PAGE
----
It’s also weird how Ryan and Min probably have maybe the highest start number when their problems are so trivial and borderline non-existent. Tulip was the highest start number out of any protagonist and even that was 115. Every other protagonist had some traumatic experiences the were needing to overcome and Ryan and Min needed to talk no jutsu each other. Even their conclusion just seems like for the sake of story. You would think they would have to reach some sort of compromise or deeper understanding. No, Min learns that working minimum wage and letting your parents guide your future is boring I guess, and Ryan learned that maybe I can be a tad pushy and could try to be more considerate sometime.

The last bit to add is that this is the first season where the 10 episode season length felt a little cramped. The season especially lacking in a midpoint that alters that direction of the series. The first couple seasons had major moments that happened around 5-8 that went on to impact how the protagonist went about this change for the rest of the series. This time it really did feel like they needed a couple more episodes to really grasp and ironically communicate their themes and messaging.

Closing the Loop

So this marks the end of the line, it was enjoyable ride and the end bittersweet. I remember when I was disappointed when it seemed like the were never going to proceed with turning the pilot into a series. I remember when I was disappointed that it was going to be a mini-series and one that didn’t have much of a larger picture to the mysteries after the pilot. 4 Seasons is nothing to sneeze at and it earned everyone of them. If for some reason you haven’t watched the series yet, the only reason it is a tough sell is that it’s HBO Max exclusive so International streaming and alternative ways to view get a little difficult to find.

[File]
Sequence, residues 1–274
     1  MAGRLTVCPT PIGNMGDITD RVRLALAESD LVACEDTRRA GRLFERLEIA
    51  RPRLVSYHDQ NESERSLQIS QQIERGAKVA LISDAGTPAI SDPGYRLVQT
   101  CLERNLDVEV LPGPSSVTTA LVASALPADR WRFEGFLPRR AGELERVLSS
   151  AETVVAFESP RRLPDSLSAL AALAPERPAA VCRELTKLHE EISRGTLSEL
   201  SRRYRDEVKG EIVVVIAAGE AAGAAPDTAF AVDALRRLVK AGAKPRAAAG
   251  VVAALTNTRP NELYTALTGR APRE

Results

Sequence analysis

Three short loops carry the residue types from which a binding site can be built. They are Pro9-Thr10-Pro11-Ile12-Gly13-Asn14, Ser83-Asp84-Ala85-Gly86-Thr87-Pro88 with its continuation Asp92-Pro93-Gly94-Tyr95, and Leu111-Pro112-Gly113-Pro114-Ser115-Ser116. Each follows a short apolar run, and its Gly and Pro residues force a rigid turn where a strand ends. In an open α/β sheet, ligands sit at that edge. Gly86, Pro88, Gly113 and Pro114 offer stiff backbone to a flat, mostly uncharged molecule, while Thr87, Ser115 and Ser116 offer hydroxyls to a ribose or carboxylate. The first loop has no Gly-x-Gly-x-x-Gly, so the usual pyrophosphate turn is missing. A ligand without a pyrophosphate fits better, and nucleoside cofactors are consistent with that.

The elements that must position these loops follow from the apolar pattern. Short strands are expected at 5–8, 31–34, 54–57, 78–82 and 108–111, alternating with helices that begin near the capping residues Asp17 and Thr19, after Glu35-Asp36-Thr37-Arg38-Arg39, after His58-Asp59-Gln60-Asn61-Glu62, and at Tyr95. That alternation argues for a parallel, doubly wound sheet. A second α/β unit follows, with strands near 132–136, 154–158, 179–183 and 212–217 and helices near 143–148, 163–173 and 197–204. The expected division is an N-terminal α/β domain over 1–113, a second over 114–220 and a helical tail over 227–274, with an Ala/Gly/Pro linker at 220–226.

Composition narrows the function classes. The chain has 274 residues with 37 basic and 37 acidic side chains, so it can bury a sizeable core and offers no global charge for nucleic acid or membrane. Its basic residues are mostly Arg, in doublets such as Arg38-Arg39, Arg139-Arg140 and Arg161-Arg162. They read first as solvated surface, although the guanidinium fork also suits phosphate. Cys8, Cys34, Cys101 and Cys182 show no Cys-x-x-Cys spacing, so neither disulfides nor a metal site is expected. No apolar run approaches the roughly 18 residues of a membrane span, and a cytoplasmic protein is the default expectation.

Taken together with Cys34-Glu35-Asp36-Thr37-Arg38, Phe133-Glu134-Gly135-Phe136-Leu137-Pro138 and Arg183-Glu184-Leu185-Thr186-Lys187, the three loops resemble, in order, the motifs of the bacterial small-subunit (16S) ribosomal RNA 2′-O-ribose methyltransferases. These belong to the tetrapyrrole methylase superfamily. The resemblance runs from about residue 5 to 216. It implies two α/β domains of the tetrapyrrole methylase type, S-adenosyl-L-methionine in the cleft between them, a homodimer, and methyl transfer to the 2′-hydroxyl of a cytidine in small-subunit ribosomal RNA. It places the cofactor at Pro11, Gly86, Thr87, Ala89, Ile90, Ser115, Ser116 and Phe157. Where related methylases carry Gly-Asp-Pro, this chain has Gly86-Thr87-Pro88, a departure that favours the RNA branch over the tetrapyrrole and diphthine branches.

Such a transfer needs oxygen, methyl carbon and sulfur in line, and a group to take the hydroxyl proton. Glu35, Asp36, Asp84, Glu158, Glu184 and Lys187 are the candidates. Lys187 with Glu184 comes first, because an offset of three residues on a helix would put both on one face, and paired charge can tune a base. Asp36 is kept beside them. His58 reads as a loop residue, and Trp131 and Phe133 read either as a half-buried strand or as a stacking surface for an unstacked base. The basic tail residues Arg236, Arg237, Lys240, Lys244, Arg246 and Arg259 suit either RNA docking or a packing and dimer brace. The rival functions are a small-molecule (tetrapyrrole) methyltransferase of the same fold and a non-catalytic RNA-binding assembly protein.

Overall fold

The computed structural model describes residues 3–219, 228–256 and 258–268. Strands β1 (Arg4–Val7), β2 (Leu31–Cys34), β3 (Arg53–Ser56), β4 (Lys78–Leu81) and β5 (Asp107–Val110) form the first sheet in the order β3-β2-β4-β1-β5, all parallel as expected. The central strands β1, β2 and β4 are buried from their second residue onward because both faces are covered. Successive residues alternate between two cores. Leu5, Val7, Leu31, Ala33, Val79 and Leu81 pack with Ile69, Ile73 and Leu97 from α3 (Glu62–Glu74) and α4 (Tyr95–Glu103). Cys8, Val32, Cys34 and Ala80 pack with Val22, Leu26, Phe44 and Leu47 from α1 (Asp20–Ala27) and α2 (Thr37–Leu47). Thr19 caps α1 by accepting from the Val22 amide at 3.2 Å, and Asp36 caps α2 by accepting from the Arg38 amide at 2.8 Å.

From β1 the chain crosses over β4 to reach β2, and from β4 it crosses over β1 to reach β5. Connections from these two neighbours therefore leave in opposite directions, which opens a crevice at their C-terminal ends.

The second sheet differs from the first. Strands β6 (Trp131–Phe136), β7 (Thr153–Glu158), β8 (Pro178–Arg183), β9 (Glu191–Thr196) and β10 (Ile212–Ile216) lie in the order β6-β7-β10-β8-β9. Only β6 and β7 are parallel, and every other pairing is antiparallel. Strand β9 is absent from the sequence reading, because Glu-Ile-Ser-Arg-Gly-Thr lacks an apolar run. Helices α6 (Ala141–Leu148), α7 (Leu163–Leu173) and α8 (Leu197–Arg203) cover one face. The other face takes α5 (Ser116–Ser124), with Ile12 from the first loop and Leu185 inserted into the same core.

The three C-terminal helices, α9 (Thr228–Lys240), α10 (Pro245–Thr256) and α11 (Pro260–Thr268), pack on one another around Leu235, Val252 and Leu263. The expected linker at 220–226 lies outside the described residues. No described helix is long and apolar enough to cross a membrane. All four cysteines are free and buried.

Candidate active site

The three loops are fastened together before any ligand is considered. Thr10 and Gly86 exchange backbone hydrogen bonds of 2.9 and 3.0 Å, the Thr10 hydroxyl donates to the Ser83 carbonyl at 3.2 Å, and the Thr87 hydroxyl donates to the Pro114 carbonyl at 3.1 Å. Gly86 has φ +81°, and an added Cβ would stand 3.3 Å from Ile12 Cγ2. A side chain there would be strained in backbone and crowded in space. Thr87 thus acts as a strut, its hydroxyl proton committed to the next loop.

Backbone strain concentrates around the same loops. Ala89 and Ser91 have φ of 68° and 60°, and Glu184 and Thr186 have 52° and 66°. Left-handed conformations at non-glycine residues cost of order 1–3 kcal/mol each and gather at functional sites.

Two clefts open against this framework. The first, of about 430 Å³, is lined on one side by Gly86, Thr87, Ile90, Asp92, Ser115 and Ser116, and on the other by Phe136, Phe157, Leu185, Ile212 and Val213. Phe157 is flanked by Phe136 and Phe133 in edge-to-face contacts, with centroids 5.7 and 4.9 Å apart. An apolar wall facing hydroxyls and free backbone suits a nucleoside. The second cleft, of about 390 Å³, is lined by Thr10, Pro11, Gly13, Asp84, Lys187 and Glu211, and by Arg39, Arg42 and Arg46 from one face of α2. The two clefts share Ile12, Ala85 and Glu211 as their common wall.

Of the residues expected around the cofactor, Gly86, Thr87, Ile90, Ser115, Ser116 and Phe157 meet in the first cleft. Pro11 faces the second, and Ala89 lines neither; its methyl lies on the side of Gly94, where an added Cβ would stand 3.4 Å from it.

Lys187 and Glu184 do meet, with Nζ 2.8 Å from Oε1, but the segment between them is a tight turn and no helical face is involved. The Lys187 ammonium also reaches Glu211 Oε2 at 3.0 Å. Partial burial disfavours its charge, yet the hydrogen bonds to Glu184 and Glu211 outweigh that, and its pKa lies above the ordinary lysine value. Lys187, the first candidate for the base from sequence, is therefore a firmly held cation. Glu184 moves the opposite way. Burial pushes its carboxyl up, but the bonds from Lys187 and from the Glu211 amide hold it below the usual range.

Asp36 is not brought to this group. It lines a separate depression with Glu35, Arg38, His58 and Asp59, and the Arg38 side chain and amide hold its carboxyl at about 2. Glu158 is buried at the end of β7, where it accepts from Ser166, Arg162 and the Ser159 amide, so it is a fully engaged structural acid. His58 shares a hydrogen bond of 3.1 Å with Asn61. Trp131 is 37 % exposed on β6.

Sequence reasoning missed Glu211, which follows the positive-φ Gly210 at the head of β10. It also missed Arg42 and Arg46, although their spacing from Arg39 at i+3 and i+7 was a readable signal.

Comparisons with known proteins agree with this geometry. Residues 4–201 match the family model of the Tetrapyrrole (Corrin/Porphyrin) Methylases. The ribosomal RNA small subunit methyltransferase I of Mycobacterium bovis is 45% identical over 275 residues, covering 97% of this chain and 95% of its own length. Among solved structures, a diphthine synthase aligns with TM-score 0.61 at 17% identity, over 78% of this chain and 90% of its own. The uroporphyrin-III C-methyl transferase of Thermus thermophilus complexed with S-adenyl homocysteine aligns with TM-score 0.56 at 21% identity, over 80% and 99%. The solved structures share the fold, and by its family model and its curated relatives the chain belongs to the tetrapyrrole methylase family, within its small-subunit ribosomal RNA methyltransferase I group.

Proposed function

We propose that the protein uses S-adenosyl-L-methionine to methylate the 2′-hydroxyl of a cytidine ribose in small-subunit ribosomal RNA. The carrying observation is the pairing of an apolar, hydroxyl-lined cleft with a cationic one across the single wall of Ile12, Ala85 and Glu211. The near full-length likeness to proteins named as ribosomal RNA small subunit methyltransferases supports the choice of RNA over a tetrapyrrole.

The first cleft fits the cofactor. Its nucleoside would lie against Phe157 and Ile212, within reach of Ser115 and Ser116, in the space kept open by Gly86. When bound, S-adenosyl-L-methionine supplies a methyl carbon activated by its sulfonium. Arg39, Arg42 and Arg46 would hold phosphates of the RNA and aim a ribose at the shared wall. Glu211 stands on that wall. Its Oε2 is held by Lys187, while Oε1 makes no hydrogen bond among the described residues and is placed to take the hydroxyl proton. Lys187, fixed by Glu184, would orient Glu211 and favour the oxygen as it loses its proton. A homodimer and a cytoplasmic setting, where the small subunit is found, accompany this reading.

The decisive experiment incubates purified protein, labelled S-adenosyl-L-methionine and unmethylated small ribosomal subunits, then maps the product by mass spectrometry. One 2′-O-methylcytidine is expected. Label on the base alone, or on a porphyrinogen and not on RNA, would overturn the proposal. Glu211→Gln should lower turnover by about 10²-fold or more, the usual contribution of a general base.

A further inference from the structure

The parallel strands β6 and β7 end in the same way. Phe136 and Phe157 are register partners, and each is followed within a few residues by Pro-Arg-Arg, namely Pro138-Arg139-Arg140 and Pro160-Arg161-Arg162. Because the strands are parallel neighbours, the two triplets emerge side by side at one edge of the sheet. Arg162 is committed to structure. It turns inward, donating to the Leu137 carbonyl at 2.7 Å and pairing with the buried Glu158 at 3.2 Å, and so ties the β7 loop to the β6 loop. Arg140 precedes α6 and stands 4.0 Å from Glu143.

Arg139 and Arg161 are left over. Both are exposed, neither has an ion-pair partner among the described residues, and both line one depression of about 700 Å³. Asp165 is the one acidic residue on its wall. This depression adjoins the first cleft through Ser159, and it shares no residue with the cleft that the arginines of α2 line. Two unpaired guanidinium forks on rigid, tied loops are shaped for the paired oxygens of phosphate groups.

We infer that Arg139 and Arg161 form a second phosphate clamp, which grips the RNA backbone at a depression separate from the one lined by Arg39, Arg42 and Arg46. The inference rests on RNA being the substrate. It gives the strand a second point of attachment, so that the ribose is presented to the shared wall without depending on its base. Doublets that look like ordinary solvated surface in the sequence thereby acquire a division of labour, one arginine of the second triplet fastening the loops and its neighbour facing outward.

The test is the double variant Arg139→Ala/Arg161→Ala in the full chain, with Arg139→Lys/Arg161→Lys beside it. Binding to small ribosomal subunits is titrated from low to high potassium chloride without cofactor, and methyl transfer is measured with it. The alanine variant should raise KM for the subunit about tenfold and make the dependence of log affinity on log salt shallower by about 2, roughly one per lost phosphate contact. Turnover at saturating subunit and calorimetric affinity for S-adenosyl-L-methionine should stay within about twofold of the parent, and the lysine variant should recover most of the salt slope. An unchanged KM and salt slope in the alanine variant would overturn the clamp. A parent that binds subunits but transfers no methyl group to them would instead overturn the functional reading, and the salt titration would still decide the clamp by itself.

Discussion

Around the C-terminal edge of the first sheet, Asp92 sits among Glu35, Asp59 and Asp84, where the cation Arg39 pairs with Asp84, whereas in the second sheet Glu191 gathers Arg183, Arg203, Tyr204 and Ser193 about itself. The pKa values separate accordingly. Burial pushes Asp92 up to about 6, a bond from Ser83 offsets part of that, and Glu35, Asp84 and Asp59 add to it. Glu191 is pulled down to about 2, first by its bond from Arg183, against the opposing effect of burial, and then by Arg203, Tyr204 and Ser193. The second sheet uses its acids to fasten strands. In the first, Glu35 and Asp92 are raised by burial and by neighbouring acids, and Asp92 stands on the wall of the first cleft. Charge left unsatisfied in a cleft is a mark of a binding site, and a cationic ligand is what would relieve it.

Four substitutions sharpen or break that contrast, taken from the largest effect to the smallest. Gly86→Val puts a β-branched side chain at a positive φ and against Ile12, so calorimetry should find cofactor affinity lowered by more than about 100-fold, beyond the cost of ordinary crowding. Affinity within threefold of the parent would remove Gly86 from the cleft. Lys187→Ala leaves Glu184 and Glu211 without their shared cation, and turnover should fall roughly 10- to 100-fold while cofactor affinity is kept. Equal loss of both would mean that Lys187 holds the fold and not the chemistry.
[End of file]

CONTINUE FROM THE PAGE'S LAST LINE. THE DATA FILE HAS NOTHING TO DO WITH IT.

Infinity Train will always go down as a series with quirky but creative whimsically abstract ideas blending with a dystopia sci-fi elements. It was a bright spot in American animation that brought mature themes, sincere messages, and some of the best character writing that brought a diverse cast of passengers to life.

One thought on “Closing the Loop? Infinity Train Book 4 Review